According to Wired, a power outage occurred a week before Christmas in Kiev, Ukraine. Hackers unleashed a particularly nasty malware that was able to take control of the SCADA systems that control the electrical equipment and substations. The damage was relatively weak only lasting about an hour, but compared to a similar attack on Ukraine two years ago, this December attack was drastically different.
Two cybersecurity firms, ESET and Dragos Inc., released a detailed analysis on the attack this week detailing how it works and why it remains a menace. The malware, dubbed “Crash Override” or “Industroyer” is able to nearly automate attacks on power infrastructure and includes swappable components that allow it to adapt to different utilities. The malware was able to utilize the specific protocols the subsystems use in order to control the flow of electricity. Once a machine is infected, the malware automatically maps out control network and locates critical equipment. It also sends logs back to the attackers for future attacks. Because this particular malware is automated, it allows attackers to quickly deploy to multiple sites with less manpower. In contrast, cybersecurity experts believe the attack two years ago required no less than 20 people and three separate regional energy companies in a coordinated strike. This attack also probably was facilitated by a targeted spear-phishing attack that allowed hackers to gain administrative credentials. According to Rob Lee of Dragos, “Those 20 people could target ten or fifteen sites or even more, depending on time.”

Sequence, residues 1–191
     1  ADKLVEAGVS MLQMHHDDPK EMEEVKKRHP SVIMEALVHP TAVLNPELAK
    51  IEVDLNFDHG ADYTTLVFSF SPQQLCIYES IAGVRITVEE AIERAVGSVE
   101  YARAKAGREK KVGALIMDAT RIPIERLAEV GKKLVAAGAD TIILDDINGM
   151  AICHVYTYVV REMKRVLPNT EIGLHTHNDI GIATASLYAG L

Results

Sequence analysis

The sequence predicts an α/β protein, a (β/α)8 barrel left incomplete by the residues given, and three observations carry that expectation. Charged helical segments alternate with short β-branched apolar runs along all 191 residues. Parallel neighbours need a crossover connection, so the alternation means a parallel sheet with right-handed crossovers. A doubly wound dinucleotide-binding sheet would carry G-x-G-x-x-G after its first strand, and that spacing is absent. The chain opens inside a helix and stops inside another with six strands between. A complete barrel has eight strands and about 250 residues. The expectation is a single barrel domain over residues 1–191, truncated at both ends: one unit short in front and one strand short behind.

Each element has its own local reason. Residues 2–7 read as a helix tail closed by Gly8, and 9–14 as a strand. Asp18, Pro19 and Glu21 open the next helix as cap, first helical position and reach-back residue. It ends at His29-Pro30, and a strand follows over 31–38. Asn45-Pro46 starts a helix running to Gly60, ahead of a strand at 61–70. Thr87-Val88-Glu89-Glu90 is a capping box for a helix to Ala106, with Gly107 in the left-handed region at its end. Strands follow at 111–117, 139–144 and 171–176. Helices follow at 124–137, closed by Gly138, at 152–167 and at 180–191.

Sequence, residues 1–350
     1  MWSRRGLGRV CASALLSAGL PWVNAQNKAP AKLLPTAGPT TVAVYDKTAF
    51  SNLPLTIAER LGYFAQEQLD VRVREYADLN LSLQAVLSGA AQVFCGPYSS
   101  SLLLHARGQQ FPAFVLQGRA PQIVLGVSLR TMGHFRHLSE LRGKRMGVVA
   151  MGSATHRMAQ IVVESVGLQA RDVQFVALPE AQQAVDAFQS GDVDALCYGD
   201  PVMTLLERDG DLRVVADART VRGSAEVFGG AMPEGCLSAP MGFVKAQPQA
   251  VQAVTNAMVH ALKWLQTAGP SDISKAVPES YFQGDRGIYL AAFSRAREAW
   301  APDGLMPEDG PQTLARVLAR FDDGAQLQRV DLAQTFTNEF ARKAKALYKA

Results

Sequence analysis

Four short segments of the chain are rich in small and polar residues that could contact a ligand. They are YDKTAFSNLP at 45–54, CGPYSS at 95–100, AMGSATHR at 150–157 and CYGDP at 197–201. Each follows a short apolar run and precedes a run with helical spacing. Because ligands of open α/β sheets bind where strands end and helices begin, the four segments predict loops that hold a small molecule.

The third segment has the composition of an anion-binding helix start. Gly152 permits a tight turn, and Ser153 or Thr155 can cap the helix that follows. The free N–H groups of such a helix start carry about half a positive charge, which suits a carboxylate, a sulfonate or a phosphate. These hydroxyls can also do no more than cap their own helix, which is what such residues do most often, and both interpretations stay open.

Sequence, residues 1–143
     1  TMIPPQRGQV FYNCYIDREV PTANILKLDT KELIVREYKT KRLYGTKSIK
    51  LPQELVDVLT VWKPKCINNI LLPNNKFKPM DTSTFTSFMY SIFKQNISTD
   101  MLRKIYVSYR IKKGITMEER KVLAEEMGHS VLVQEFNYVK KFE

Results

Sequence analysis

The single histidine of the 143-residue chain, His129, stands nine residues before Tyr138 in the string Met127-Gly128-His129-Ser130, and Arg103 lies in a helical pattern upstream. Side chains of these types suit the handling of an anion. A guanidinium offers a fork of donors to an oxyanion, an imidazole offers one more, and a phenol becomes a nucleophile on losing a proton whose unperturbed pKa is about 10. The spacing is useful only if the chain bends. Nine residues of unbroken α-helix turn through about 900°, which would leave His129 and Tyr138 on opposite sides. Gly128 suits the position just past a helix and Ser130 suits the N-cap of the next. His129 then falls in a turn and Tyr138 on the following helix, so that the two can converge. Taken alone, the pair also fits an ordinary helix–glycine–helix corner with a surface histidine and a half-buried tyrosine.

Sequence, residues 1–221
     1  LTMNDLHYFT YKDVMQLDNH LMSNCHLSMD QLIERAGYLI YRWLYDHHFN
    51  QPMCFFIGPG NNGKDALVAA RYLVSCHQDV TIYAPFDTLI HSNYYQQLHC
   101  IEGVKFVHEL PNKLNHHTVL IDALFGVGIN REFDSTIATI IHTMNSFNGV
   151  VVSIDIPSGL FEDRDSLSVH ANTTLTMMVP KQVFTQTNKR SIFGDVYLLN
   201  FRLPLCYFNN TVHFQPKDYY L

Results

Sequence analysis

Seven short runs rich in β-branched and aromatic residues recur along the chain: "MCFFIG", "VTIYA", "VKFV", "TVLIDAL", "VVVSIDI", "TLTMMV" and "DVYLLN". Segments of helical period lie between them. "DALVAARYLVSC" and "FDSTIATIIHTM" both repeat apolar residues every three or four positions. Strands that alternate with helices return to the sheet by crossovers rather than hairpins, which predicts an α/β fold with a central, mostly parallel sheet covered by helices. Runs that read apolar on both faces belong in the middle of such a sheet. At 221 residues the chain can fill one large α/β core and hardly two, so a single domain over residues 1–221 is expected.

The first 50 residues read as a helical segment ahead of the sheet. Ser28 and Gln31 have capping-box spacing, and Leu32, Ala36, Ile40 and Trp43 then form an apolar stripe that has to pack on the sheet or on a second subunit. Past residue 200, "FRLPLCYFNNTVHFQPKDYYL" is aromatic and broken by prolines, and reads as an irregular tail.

The most infamous case of malware targeting infrastructure was the Stuxnet virus that took down Iranian nuclear power plants. However, while Stuxnet was focused on disrupting Iran’s nuclear ambitions, this is only the second time that malware has targeted commercial power stations. This past January, The U.S. Department of Energy warned that the electric grid “faces imminent danger” from targeted infrastructure attacks. At the moment, Crash Override doesn’t seem to use any zero day vulnerabilities and also seems to be limited to regional blackouts instead of being able to cause damage on the scale of the 2003 blackout of the northeast United States.